We’re now going to equate coefficients of 𝑠. Let’s begin by comparing the coefficients of 𝑠 to the fourth power on both sides. On the left-hand side, we simply have 𝑠 to the fourth power. So its coefficient is one. On our right-hand side, we have 𝐴𝑠 to the fourth power plus 𝐵𝑠 to the fourth power. So our coefficient is 𝐴 plus 𝐵. And we formed an equation; that is, one equals 𝐴 plus 𝐵.

We’ll now compare coefficients of 𝑠 cubed. On the left, that’s zero. And on the right, we only have 𝐶. And so we’ve established that 𝐶 is equal to zero. We’ll now look at coefficients of 𝑠 squared. Once again, on the left, that’s zero. And on the right, we have 18𝐴, we have nine 𝐵, and we have 𝐷. Next, it’s 𝑠 to the power of one or simply 𝑠. On the left-hand side, that’s zero. And on the right, it’s nine 𝐶 plus 𝐸. But of course, remember, we said 𝐶 is equal to zero. So this becomes zero equals nine times zero plus 𝐸 or zero equals zero plus 𝐸, meaning that 𝐸 itself must also be zero.

Now, we’ll consider coefficients of 𝑠 to the power of zero. Remember, 𝑠 to the power of zero is one. So we’re really looking at constant terms. On the left-hand side, it’s 81. And on the right-hand side, we have 81𝐴. So, 81 equals 81𝐴. And dividing through by 81 gives us 𝐴 equals one. We know the value of 𝐶, 𝐸, and 𝐴. So let’s go back and work out 𝐵 and 𝐷. We saw that 𝐴 was equal to one. So our first equation becomes one equals one plus 𝐵, meaning 𝐵 must be equal to zero. Then letting 𝐴 be equal to one and 𝐵 be equal to zero in our third equation, and we get zero equals 18 plus zero plus 𝐷, meaning 𝐷 is equal to negative 18.

We’ve now done enough to express our original function in partial fraction form. By replacing 𝐴, 𝐵, 𝐶, 𝐷, and 𝐸 with their respective values, we find 𝑠 to the fourth power plus 81 over 𝑠 times 𝑠 squared plus nine squared can be written as one over 𝑠 minus 18𝑠 over 𝑠 squared plus nine squared.

Now, of course, we’re not finished. We were looking to integrate this. So we’re going to integrate one over 𝑠 minus 18𝑠 over 𝑠 squared plus nine squared with respect to 𝑠. Let’s clear some space. When integrating the sum or difference of two functions, we can find the sum or difference of the integrals of their respective functions. This essentially means we can integrate term by term. And this is great because the integral of one over 𝑠 with respect to 𝑠 is quite straightforward. It’s the natural log of the absolute value of 𝑠 plus some constant of integration 𝐴. But what about our second integral?

Well, the key here is spotting that the derivative of part of the denominator is some multiple of our numerator. That tells us we can use integration by substitution to evaluate this integral. We let our new variable 𝑢 be equal to the inner part of the composite function on the denominator. 𝑢 is 𝑠 squared plus nine. We then differentiate this with respect to 𝑠. So d𝑢 by d𝑠 is two 𝑠.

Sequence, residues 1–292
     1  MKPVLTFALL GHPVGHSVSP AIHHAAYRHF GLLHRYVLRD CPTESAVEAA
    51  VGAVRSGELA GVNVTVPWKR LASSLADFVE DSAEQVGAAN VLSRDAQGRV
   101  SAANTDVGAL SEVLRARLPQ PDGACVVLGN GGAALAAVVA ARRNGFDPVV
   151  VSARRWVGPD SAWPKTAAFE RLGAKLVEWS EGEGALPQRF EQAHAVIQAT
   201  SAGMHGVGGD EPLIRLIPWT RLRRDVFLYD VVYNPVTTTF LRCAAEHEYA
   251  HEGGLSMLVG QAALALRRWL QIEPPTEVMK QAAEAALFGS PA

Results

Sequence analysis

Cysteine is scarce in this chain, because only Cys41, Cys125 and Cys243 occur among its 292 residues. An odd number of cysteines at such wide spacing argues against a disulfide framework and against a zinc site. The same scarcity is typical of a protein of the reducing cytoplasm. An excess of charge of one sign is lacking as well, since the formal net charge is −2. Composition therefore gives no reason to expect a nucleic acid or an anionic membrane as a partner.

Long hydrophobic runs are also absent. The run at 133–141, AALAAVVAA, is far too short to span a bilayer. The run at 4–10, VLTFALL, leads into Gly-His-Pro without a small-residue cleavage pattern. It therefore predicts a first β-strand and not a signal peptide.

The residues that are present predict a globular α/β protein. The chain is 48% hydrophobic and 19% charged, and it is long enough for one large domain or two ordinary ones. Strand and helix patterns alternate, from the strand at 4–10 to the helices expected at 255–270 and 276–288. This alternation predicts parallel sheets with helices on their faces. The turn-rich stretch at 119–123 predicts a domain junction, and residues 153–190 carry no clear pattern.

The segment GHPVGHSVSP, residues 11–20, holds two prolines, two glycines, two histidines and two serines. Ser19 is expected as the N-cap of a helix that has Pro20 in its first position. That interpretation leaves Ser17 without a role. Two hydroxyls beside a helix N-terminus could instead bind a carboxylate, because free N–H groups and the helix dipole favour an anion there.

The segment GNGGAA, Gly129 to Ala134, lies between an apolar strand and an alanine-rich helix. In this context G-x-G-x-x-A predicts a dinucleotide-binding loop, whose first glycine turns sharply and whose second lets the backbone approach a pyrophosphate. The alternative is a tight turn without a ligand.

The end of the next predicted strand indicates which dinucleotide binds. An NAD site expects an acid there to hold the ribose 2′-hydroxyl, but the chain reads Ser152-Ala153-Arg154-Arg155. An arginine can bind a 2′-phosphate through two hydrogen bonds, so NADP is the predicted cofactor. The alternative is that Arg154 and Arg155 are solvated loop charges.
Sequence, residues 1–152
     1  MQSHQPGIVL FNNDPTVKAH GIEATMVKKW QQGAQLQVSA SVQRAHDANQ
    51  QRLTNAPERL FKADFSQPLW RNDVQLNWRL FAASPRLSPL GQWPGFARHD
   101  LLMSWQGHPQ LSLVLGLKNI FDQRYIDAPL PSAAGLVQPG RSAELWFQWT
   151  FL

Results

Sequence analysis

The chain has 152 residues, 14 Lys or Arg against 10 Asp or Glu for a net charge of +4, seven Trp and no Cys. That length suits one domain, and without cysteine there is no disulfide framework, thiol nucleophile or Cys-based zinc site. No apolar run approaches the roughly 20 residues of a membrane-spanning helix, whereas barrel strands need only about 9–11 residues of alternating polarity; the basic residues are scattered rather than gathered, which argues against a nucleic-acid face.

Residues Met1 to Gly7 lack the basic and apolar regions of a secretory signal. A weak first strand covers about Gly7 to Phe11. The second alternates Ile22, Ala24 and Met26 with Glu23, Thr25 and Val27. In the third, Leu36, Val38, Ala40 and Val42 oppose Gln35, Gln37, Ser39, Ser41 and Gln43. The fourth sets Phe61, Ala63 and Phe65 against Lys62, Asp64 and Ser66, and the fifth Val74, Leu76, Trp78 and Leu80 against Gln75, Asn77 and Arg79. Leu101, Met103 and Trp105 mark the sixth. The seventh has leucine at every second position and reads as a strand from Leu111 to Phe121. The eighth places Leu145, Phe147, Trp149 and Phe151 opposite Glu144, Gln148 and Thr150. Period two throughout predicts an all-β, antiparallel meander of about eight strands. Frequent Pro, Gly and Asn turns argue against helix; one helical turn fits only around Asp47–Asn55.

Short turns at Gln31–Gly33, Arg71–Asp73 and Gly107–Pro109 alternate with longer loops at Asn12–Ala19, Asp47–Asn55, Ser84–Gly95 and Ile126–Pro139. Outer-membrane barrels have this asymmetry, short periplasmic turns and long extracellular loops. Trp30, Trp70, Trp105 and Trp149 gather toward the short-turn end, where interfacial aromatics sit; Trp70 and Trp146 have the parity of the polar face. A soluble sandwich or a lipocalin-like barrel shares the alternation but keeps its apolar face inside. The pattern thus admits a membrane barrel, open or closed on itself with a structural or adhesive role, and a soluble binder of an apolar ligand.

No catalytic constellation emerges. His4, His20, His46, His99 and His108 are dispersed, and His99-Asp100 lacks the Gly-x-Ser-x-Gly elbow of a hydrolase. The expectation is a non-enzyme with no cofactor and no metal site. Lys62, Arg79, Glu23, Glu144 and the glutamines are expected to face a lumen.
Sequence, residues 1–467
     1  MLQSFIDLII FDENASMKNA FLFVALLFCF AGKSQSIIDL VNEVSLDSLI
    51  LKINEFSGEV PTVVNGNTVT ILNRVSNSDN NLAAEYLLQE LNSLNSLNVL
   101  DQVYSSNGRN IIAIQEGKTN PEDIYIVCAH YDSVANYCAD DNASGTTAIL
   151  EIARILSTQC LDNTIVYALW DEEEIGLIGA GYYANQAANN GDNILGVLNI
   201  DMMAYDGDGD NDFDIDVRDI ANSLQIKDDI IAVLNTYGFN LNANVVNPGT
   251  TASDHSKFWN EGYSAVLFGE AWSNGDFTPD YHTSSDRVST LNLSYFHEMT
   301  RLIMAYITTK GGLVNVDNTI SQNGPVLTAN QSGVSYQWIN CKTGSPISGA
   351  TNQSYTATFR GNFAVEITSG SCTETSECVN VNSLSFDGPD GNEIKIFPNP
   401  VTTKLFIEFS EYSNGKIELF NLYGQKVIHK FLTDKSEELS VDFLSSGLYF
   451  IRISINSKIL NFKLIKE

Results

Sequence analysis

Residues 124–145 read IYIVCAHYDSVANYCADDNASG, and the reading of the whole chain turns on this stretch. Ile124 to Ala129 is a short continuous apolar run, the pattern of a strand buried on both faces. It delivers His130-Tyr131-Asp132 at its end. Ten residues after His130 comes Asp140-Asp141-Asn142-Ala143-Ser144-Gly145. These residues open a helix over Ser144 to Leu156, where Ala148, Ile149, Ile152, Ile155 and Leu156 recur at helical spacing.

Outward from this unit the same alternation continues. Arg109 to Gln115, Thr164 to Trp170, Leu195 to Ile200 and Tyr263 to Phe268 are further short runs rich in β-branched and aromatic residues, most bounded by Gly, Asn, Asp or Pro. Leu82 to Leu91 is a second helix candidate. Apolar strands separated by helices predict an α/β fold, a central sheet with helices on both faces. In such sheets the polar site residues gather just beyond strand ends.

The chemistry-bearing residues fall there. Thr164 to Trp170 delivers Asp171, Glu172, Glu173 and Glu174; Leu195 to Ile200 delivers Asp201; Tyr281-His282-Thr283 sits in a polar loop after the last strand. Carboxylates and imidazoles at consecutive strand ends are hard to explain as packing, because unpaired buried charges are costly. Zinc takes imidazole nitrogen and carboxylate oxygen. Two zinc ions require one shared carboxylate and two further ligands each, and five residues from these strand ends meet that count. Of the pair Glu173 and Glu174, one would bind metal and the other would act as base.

Now, of course, this isn’t a fraction. But in integration by substitution, we treat it a little like one. And we can write this equivalently as d𝑢 equals two 𝑠 d𝑠. Notice the numerator of our fraction is 18𝑠. And if we multiply through d𝑢 equals two 𝑠 d𝑠 by nine, we get the expression nine d𝑢 on the left and 18𝑠 d𝑠 on the right, meaning we can now replace 18𝑠 d𝑠 with nine d𝑢. And of course we can replace 𝑠 squared plus nine with 𝑢.

And so we’re now going to integrate nine over 𝑢 squared with respect to 𝑢. One over 𝑢 squared is the same as 𝑢 to the power of negative two. So we can write our integrand as nine 𝑢 to the power of negative two. When we integrate an expression of this form, we add one to the exponent and divide by that new value. So that’s nine 𝑢 to the power of negative one divided by negative one, which is negative nine over 𝑢.

Remember, we have that constant of integration 𝐵 since we’re performing an indefinite integral. Now, we were actually integrating with respect to 𝑠. So let’s go back and replace 𝑢 with our substitution, giving us negative nine over 𝑠 squared plus nine plus our constant of integration 𝐵. Meaning that when we integrate 𝑠 to the fourth power plus 81 over 𝑠 times 𝑠 squared plus nine squared with respect to 𝑠, we get the natural log of the absolute value of 𝑠 plus 𝐴 minus negative nine over 𝑠 squared plus nine plus 𝐵, which can be simplified further by distributing the parentheses and collecting together our constants to form one new constant 𝐾. And we have the natural log of the absolute value of 𝑠 plus nine over 𝑠 squared plus nine plus 𝐾.